Now fast forward to today, as so many are speaking out about the need for Mr. Snyder to change the name of his football team, due to using the r word is derogatory and is indeed a racial slur. He remains on the wrong side of history, refusing to meet with Native American leaders to discuss the issue and to defend his stands to the very people he is disrespecting.  The National Congress of American Indians is opposed to the use of the name. Ray Halbritter the National Representative and CEO Oneida Nation Enterprise is one of many leaders that is taking the charge for change. Mr. Halbritter said on MSNBC referring to the r word “it’s a racist slur and an offensive name”. He went on to say for some Americans “the only contact with Native Americans is through this slur” and it has an impact on the self-esteem of his people. Mr. Halbritter is not alone; many other Native American leaders have spoken out against the name.

I have heard and read comments by many Non-Native Americans stating that the name is not meant to offend anyone. Well, I’m sorry but that response is just not acceptable when we know by Native Americans and their leaders the term is hurtful and demeaning. 

Another Native American leader taking action is Amanda Blackhorse, a Native American Advocate. She has filed a petition with the United States Trademark Trial and Appeal Board. She hopes to cancel the Washington NFL team trademark registrations.
There are many Americans who want to see the name changed. One in particular is President Obama.  When asked about the name change he stated, “If I were the owner of the team and I knew that there was a name of my team — even if it had a storied history — that was offending a sizeable group of people, I’d think about changing it,” He also said, "I don't know whether our attachment to a particular name should override the real legitimate concerns that people have about these things.”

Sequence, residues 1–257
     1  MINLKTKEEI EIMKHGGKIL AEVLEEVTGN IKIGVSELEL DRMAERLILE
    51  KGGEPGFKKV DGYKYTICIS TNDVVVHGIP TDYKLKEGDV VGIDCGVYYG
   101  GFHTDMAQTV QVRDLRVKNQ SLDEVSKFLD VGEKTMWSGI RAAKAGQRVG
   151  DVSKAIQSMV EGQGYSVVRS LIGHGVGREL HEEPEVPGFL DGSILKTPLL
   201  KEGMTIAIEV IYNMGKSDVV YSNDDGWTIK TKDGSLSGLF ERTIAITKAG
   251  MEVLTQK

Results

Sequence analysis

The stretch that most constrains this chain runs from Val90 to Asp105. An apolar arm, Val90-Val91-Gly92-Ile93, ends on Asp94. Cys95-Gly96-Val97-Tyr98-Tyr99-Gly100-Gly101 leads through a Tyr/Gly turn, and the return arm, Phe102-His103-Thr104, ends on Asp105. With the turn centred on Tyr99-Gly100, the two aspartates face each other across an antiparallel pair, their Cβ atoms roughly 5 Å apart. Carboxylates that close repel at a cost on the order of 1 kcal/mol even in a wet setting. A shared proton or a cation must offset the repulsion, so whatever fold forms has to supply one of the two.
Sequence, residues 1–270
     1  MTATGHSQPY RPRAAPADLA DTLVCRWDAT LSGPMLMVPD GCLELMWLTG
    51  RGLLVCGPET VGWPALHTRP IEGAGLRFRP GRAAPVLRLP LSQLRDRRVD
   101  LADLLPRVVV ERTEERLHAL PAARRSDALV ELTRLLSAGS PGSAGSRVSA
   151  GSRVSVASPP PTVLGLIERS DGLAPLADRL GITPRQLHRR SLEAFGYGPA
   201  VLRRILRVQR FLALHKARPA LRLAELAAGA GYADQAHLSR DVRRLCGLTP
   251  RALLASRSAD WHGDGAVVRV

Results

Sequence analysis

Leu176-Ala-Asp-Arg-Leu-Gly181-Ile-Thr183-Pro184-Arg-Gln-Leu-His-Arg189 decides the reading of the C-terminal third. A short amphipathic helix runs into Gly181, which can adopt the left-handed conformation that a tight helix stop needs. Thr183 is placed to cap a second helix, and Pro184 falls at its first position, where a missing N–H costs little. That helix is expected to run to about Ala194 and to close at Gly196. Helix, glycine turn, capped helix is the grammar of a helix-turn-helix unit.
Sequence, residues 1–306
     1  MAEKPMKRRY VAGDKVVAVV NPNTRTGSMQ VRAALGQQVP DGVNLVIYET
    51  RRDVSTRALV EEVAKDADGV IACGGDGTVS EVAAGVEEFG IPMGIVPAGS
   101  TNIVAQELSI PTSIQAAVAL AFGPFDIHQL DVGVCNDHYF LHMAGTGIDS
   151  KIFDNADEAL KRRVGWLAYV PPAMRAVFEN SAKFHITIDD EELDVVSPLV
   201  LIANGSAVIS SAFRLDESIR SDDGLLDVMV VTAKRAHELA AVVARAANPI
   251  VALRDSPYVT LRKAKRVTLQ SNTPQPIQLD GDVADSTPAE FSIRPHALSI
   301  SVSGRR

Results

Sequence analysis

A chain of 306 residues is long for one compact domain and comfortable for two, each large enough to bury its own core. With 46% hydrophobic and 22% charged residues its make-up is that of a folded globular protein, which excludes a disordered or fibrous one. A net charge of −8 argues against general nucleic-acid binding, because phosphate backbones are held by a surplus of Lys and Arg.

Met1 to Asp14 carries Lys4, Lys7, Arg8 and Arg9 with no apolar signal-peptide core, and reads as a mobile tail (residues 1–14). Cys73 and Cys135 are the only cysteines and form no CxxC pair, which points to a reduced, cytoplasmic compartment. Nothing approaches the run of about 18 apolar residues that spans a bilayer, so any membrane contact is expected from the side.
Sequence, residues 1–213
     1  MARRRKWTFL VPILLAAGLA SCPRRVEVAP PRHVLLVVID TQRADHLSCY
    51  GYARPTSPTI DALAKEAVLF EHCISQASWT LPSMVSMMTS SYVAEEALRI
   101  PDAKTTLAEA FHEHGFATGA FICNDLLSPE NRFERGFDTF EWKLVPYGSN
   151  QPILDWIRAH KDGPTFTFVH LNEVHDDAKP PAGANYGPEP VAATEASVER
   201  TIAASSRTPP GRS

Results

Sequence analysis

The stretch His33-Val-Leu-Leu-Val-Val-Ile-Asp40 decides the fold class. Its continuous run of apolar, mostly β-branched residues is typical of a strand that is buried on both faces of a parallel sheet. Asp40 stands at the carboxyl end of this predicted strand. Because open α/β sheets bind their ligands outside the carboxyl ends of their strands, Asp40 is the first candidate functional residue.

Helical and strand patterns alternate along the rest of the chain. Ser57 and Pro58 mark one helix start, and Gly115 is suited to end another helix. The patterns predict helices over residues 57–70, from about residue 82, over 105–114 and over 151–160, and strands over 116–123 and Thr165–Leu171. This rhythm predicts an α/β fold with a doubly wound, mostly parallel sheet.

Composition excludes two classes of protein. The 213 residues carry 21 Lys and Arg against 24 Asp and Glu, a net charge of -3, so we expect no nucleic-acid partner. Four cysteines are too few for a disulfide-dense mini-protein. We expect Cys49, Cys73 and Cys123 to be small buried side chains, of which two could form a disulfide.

As for me, I will no longer use the term again when watching the Washington NFL team play; I will refer to them as Washington. If they play my team, the Chicago Bears it will be the Bears vs. Washington.

I  REALLY hope for the day, a day very soon when Mr. Dan Snyder does the right thing and changes the slur he calls his football team to something more appropriate. 

Watch this video of Native American leaders speaking out on this issue.

Natalie Graves, AM, LCSW

Update - Since I Have Been Away

It has been quite a while since I wrote a blog post, but the time has come to begin posting again. I want to thank those who reached out to me and asked “when is the next post?” your interest in my blog and the topic of social work and sports was and still is very inspiring to me. I thought I would start my first blog post back with an update on what I have been doing and some highlights of my trip to London, England.

As I stated in my last post, I would be traveling through a study abroad program. Taking part in a program abroad was undeniably one of the best experiences of my life, being in London, England when it was preparing to be an Olympic city was something I will never forget. The knowledge and friendship gained will last a lifetime. After my flight arrived, the mode of travel was by bus or train (“The Underground”) and the occasional cab when we went out at night. I must say the public transportation in London will rival any large city’s transportation system here in the United States. We also did a lot of walking I lost some pounds with our daily activities.  We stayed at Roehampton University in their dorms or as the Brits call them ‘flats”.  As far as the food, no notable places to mention sorry to say. I took a day trip to the All England Championships, Wimbledon. I took in the grounds and a tennis match. I can check off eating strawberries and cream from my bucket list.